UK Aquaculture Initiative

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The UK Aquaculture Initiative is a joint Biotechnology & Biological Sciences Research Council (BBSRC) and NERC initiative to support high-quality, innovative research and research translation within a growing community of people working together towards a mutual goal of developing a healthy, safe and sustainable UK aquaculture system.

By funding projects that incorporate both the environmental and biological sciences, this cross-council initiative will bring together diverse expertise, knowledge, skills and facilities to deliver innovative approaches to solving industry challenges. In doing so, it will strengthen the research community to underpin the long-term needs of industry through interdisciplinary research, research translation, and the provision of training.

Aims

  • To support high-quality, innovative, strategic research within UK higher education institutions and centres.
  • To build UK academic capability and underpinning capacity to meet the long term needs of industry.
  • To encourage cross-discipline working and draw in new researchers to the aquaculture sector.
  • To support the translation of existing research data and knowledge into new tools, technologies and solutions.
  • To ensure the exchange of knowledge between the academic science base and industry through the support of effective networking between academic groups and businesses.
  • To build a community of people working together towards a mutual goal of developing a healthy, safe and sustainable UK aquaculture system.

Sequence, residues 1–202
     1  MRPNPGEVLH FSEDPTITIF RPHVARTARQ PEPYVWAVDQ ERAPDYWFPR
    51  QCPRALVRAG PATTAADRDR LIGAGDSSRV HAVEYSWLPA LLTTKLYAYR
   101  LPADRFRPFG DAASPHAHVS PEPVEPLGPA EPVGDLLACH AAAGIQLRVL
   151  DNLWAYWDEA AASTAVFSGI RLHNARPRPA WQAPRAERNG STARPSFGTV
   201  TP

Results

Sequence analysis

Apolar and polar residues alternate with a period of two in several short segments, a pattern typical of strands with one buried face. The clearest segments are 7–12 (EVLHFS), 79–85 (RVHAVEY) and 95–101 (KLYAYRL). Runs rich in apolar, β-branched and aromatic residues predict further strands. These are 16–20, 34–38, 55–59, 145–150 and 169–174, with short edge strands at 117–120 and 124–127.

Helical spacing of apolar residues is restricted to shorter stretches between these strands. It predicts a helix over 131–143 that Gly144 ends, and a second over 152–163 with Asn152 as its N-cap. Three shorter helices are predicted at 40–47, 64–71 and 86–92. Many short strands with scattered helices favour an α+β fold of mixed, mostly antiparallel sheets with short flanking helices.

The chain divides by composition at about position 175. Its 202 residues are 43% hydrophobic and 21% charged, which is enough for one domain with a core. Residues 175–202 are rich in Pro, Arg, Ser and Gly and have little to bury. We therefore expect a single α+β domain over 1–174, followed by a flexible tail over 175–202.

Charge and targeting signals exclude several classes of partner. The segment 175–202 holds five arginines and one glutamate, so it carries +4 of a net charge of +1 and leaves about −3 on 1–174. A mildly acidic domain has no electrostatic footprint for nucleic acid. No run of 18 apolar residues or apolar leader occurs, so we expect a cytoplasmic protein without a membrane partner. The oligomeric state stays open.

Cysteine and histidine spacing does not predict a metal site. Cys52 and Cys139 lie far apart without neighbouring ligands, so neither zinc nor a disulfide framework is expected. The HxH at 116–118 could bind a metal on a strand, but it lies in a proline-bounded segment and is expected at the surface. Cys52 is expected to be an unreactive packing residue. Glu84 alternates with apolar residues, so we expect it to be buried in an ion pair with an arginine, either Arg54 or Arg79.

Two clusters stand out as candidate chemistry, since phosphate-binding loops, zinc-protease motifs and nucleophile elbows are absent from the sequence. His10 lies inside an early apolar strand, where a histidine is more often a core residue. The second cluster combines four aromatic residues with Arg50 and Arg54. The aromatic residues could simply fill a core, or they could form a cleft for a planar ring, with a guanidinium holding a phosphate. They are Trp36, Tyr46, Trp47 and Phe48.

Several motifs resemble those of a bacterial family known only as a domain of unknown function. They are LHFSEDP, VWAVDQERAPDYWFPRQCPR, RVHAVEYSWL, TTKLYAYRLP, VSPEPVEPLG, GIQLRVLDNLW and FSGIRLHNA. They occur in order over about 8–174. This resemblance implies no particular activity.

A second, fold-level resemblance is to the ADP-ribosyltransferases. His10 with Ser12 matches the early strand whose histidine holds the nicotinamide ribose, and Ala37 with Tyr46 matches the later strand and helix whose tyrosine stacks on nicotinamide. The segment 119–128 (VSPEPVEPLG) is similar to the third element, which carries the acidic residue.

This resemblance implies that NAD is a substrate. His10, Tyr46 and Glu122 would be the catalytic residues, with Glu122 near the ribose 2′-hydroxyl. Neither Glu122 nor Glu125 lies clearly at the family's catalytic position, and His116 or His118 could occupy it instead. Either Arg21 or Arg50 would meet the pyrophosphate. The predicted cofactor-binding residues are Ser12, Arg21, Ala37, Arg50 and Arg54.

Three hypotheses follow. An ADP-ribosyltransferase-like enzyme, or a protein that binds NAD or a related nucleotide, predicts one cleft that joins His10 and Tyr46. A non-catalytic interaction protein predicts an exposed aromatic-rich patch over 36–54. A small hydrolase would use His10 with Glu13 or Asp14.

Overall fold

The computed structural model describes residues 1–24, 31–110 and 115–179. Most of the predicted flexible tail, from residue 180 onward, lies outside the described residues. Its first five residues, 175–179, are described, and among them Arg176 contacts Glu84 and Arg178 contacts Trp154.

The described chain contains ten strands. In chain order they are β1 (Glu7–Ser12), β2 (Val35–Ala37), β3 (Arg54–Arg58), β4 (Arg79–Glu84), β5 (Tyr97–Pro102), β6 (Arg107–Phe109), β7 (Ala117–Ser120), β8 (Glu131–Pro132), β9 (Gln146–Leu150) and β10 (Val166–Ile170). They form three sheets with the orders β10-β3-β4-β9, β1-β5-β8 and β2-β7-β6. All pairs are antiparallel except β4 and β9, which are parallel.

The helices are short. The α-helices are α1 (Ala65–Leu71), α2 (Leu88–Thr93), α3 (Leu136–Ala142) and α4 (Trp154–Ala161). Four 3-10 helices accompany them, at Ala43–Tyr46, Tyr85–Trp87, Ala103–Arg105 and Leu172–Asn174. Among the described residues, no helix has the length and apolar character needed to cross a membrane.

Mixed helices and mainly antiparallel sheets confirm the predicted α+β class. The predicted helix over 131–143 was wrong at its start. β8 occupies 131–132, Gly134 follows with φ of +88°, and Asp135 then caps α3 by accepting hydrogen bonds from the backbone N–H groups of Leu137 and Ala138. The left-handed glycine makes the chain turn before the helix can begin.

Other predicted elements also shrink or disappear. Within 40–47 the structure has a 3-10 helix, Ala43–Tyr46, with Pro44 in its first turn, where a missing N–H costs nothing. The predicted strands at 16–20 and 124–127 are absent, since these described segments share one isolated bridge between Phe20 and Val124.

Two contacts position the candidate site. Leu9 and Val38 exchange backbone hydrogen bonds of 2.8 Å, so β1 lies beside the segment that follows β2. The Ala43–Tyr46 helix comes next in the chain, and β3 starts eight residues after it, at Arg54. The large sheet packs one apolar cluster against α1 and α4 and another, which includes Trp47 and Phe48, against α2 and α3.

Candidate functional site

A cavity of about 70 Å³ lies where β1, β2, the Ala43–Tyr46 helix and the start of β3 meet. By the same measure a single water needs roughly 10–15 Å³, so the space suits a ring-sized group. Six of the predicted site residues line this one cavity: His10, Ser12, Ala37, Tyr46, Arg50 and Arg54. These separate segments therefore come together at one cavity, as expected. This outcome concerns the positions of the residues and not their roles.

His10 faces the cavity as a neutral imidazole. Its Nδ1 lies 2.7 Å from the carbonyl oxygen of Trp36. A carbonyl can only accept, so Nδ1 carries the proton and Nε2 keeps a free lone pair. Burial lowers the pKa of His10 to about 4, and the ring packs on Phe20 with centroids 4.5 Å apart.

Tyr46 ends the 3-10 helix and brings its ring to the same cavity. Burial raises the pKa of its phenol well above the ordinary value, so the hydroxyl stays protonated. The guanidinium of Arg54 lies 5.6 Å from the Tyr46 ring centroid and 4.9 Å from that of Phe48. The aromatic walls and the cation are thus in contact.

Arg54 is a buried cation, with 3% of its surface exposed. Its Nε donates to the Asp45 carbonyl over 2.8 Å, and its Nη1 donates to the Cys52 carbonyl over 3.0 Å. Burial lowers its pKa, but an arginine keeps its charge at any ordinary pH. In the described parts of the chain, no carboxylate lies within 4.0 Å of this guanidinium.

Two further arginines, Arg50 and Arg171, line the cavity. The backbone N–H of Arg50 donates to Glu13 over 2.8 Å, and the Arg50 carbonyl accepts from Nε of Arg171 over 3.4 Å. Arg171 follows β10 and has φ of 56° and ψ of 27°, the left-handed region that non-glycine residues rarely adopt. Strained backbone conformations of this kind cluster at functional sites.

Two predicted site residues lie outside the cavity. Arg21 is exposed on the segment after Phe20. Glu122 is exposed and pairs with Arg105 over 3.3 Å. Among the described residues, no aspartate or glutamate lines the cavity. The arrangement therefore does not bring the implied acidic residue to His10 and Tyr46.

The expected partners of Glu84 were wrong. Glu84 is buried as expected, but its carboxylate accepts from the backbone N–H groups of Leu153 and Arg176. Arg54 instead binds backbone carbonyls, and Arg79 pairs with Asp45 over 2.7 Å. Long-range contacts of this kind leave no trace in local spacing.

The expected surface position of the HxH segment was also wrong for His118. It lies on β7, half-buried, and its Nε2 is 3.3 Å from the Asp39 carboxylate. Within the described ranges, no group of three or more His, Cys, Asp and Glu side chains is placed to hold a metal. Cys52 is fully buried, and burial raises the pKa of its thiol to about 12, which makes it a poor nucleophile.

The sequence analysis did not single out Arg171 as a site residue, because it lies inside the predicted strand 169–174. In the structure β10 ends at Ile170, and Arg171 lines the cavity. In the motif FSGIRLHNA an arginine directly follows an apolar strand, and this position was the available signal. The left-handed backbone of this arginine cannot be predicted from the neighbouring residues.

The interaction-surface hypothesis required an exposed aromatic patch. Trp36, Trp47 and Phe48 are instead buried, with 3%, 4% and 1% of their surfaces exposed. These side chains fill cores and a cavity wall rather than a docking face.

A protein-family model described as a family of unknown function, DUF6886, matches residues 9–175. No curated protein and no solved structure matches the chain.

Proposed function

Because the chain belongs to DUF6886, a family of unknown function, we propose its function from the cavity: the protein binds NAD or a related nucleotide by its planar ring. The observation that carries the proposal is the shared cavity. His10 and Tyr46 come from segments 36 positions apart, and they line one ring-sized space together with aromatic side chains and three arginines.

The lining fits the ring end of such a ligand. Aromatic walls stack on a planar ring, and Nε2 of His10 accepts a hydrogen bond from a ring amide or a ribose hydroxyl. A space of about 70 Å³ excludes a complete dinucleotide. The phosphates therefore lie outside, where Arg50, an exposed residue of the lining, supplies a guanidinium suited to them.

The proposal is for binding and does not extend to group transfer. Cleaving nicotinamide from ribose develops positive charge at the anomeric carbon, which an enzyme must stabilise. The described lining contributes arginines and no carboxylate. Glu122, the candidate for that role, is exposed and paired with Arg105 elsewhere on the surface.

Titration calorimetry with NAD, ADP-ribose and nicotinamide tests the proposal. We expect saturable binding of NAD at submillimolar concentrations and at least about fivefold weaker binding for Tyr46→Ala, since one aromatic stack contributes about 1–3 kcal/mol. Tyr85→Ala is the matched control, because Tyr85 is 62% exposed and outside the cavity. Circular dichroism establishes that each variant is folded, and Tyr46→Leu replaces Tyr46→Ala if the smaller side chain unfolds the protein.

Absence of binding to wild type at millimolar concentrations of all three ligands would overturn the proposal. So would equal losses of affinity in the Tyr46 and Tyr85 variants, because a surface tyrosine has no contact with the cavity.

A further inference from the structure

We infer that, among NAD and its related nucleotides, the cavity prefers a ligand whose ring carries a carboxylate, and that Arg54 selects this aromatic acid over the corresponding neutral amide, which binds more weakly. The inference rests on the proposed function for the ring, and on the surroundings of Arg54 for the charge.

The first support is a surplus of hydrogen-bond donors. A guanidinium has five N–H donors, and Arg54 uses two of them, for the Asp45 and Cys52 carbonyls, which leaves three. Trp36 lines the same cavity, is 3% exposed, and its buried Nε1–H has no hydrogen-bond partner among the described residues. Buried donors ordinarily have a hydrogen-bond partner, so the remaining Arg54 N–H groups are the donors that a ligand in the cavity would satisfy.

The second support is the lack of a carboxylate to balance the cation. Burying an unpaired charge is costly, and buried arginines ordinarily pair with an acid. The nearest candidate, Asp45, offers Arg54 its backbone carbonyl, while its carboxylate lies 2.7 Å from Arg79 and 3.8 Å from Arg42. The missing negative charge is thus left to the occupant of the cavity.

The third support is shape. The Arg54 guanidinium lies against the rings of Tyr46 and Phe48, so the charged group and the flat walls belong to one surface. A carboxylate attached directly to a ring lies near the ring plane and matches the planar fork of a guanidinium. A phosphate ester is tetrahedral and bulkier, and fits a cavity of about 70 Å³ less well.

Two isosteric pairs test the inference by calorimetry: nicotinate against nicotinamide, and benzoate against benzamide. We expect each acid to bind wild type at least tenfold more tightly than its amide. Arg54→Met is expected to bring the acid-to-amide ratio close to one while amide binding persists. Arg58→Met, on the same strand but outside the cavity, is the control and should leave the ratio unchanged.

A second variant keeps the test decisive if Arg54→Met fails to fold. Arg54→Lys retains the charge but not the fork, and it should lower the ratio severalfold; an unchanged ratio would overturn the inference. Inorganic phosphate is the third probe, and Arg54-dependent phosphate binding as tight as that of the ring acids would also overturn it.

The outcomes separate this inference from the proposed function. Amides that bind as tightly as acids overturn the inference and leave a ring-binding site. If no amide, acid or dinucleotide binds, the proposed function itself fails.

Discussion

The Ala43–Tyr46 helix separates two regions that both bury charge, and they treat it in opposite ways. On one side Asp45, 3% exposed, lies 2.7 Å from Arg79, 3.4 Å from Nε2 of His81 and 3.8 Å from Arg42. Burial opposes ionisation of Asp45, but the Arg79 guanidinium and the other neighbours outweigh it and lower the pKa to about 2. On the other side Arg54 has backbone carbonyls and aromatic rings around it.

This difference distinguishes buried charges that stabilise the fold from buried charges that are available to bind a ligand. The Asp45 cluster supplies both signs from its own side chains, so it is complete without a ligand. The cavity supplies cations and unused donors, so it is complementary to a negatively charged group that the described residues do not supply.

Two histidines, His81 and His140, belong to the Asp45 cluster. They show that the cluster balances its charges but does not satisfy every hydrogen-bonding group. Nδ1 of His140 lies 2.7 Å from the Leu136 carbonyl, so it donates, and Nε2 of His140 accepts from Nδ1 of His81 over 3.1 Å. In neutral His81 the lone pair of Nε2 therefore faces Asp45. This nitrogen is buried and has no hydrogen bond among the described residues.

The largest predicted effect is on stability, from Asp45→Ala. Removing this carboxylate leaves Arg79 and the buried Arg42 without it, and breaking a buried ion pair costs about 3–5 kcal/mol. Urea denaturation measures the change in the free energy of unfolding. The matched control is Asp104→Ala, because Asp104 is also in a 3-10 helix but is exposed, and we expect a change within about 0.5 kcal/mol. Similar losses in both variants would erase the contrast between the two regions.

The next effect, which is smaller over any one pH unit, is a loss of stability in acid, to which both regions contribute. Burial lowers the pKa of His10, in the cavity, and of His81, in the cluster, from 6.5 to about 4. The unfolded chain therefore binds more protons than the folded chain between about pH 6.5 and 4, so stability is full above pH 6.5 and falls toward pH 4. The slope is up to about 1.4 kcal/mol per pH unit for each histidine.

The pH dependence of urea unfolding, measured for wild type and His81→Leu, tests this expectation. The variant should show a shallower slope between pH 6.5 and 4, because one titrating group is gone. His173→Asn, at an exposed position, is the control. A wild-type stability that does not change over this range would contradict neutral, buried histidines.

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A rapidly increasing global population, climate change and intensified pressure upon vital resources are collectively threatening global food security.

By 2030, 62% of fish eaten by humans is expected to be produced from aquaculture. In the UK, aquaculture is a key strategic food production sector, as production from UK aquaculture is the largest in the European Union.

Sustainable expansion of the UK industry requires improved understanding of the basic biology, health and environmental interactions of farmed finfish and shellfish. In recognition of this importance, NERC and BBSRC, as contributors to the UK Global Food Security (GSF) programme, are acting to turn around the declining investment made by research councils in recent years.

Innovation projects

In 2016, NERC and BBSRC invited proposals for innovation projects to the UK Aquaculture Initiative. Approximately £1·2 million of funding was available for projects that will meet the needs of the UK aquaculture industry and create sustainable, tangible economic or societal benefits.

The six successful innovation projects will utilise the wealth of existing research, data and expertise to enable the development of technologies and solutions for the benefit of practitioners and decision-makers.

Networks in aquaculture

In 2016, proposals were also invited for Networks in aquaculture. Up to £600,000 was available for up to two networks focusing on finfish and shellfish.

The funding was awarded in March 2017 to one Network - the Aquaculture Research Collaborative Hub (ARCH-UK). ARCH-UK will facilitate the development of a community of people that works together towards a mutual goal of sustainable aquaculture systems, and work with the research councils to help ensure their investments support high-quality innovative, research that builds UK academic capability and underpinning capacity and meets the long term needs of the sector. For further information, and to join the network, please visit the ARCH-UK website (see related links).

Collaborative research and innovation projects